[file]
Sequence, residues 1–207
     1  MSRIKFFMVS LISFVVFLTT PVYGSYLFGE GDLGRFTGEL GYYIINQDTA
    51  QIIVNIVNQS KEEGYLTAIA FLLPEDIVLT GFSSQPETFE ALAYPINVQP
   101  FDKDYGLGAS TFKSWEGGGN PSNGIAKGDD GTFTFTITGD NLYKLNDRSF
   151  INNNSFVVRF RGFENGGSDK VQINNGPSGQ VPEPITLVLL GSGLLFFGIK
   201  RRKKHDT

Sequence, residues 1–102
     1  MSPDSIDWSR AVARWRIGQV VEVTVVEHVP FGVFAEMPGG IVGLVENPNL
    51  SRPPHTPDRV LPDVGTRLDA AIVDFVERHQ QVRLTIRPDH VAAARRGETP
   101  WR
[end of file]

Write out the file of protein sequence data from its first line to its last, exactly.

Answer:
Sequence, residues 1–207
     1  MSRIKFFMVS LISFVVFLTT PVYGSYLFGE GDLGRFTGEL GYYIINQDTA
    51  QIIVNIVNQS KEEGYLTAIA FLLPEDIVLT GFSSQPETFE ALAYPINVQP
   101  FDKDYGLGAS TFKSWEGGGN PSNGIAKGDD GTFTFTITGD NLYKLNDRSF
   151  INNNSFVVRF RGFENGGSDK VQINNGPSGQ VPEPITLVLL GSGLLFFGIK
   201  RRKKHDT

Sequence, residues 1–102
     1  MSPDSIDWSR AVARWRIGQV VEVTVVEHVP FGVFAEMPGG IVGLVENPNL
    51  SRPPHTPDRV LPDVGTRLDA AIVDFVERHQ QVRLTIRPDH VAAARRGETP
   101  WR